In all, 230 respondents made up of 115 diabetes patients and an equal number of nondiabetic controls were enrolled in the study. Diabetics were selected at random from a pool of over 1500 registered diabetic patients attending the Diabetic Clinic at CCTH. The nondiabetic controls were selected from the inhabitants of the Cape Coast Metropolis and age-matched with their diabetic counterpart. The study was conducted between November 2011 and December 2013. Details of participants' selection regarding inclusion and exclusion criteria, sample collection, and preparation have been published elsewhere.[20],[21] Weight, height, body mass index (BMI) computation, waist circumference (WC), hip circumference, and waist-to-hip ratio (WHR) calculation were in strict adherence to the WHO Expert Panel Report of 2008.[22] Body adiposity index which is considered as a superior alternative to BMI was computed from height and hip circumference based on a proposed formula by Bergman et al.[23]

Serum levels of adiponectin, leptin, and CRP were determined by enzyme-linked immunosorbent assay kits following the manufacturer's instructions (Assaypro Inc., St Charles, MO, USA). TAP and lipid peroxides were measured, respectively, by colorimetric and spectrophotometric techniques in accordance with instructions from the manufacturer (Oxford Biomedical Research, USA).

Ethical approval

The study received approval from the Committee on Human Research, Publications, and Ethics of the Kwame Nkrumah University of Science and Technology, Kumasi. In addition, every adopted protocol was in strict adherence to the Ethical Standards of CCTH, Ghana Health Service, and the World Medical Association, Declaration of Helsinki. Above all, each study participant provided a written informed consent.

Statistical analysis

Data were presented as mean ± standard deviation. Diabetics and nondiabetic controls were grouped into two according to the BMI or blood pressure classifications to obtain a total of four groups which were treated as independent samples. Mean levels of the various indices were compared across groups by one-way ANOVA with Tukey Least Significant Difference post hoc test. Bivariate Pearson correlation test was applied to investigate linear associations between any pair of measured indices, followed by simple and stepwise regression analyses. Data analysis was conducted by the SPSS version 17 (SPSS Inc., Chicago, USA). In all analyses, a P< 0.05 was considered statistically significant.

  Results Top

This preliminary study involved 230 respondents who were made up of 115 diabetics and 115 nondiabetic controls aged 38–80 years. Each study group was divided into normal-weight (BMI = 18.5–24.9) and overweight/obese group of respondents based on a two-stage BMI classification. Generally, nondiabetic controls had higher (P < 0.05) mean levels of leptin, adiponectin, and TAP but lower levels of CRP and peroxides than their diabetic counterpart [P < 0.05; [Table 1]. In each study group, overweight/obese respondents exhibited higher [P < 0.05; [Table 1] mean hip circumference and leptin level than their normal-weight counterpart. Mean levels of all the other indices were comparable between normal-weight and overweight/obese respondents in each study group, except the mean levels of TAP and systolic blood pressure (SBP), which were higher [P < 0.05; [Table 1] in the overweight/obese diabetic respondents only. Comparison of mean levels of measured indices of respondents in each study group using a three-stage BMI categorization, normal-weight (BMI = 18.5–24.9), overweight (BMI = 25–29.9), and obese (BMI ≥30) respondents, yielded similar results as no statistically significant (P > 0.05) difference was found between the overweight and obese respondents in respect of any of the measured indices (data not shown).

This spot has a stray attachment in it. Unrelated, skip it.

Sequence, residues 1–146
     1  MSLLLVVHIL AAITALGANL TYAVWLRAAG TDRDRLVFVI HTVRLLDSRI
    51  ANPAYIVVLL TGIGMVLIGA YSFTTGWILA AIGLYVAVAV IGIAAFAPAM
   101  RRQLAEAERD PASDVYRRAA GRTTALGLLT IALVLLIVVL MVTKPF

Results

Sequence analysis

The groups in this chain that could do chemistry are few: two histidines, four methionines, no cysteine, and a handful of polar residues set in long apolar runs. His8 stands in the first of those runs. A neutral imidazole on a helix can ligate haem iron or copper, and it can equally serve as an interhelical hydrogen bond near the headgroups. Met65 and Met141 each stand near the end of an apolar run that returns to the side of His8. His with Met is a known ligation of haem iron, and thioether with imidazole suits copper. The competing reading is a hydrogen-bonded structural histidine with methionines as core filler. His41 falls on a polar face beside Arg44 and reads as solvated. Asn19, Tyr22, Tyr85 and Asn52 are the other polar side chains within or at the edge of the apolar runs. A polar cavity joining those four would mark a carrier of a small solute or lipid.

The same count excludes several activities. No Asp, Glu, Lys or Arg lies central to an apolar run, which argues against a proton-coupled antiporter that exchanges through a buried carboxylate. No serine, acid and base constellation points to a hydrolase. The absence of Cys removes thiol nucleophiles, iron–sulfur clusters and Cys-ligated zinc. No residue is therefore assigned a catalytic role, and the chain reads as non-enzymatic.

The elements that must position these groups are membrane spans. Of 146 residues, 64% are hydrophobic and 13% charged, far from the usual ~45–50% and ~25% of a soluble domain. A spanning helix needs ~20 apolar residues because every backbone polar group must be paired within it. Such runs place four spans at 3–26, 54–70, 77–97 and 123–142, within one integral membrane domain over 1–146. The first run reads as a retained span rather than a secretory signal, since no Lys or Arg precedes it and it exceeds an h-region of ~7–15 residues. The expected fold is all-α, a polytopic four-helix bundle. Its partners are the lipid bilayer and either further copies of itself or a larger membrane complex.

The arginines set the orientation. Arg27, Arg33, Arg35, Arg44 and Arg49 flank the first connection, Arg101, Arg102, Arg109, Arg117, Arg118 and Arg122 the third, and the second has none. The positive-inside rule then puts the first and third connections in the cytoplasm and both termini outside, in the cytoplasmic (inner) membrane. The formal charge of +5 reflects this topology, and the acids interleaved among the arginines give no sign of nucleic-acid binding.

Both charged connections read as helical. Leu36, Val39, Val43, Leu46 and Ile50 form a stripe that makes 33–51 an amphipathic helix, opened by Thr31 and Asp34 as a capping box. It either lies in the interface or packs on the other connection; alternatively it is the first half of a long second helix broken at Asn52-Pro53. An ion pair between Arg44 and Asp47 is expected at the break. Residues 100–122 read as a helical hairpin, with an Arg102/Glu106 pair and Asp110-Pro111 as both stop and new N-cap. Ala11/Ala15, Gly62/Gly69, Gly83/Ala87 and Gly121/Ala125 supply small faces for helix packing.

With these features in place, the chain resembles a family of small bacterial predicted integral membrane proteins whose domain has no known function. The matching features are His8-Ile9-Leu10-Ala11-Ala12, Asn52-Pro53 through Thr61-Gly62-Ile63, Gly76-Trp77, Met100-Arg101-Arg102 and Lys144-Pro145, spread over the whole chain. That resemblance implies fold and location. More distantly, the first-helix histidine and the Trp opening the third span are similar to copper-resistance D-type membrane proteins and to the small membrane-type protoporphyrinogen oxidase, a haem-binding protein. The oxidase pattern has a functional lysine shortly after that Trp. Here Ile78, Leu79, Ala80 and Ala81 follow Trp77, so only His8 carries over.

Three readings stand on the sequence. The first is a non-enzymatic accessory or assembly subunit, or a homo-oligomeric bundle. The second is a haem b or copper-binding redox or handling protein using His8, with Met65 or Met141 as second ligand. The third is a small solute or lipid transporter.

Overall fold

Table 1: Levels of biochemical and other anthropometric indices according to body mass index

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In a Pearson bivariate correlation analysis, WC correlated positively with CRP (R = 0.379; P = 0.047) but negatively (R = −0.345; P = 0.022) with diastolic blood pressure (DBP) in normal-weight nondiabetic controls. In the same group, adiponectin correlated positively with leptin (R = 0.489; P = 0.004) but negatively with weight (R = −0.473; P = 0.006) as hip circumference exhibited a positive correlation with CRP (R = 0.435; P = 0.021). In subsequent multiple stepwise regression analyses, BMI and adiponectin were the independent predictors of leptin (R = 0.72, R2 = 0.518, adjusted R2 = 0.493; P< 0.001), with the module explaining 49.3% of the observed variation in leptin levels. With adiponectin as the dependent variable, weight and leptin could independently predict adiponectin (R = 0.622, R2 = 0.387, adjusted R2 = 0.355; P = 0.016), with the model accounting for 35.5% of the observed variation in adiponectin levels. CRP level was independently predicted by hip circumference (R = 0.392, R2 = 0.154, adjusted R2 = 0.132; P = 0.011), but the model could explain only about 13% of the observed variation in CRP levels in normal-weight nondiabetic control respondents.